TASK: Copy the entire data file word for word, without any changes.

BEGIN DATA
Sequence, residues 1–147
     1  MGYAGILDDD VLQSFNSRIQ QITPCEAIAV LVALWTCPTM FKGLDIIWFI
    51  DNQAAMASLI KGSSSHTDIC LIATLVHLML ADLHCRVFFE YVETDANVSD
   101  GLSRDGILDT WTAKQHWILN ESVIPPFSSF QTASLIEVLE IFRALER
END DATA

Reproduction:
Sequence, residues 1–147
     1  MGYAGILDDD VLQSFNSRIQ QITPCEAIAV LVALWTCPTM FKGLDIIWFI
    51  DNQAAMASLI KGSSSHTDIC LIATLVHLML ADLHCRVFFE YVETDANVSD
   101  GLSRDGILDT WTAKQHWILN ESVIPPFSSF QTASLIEVLE IFRALER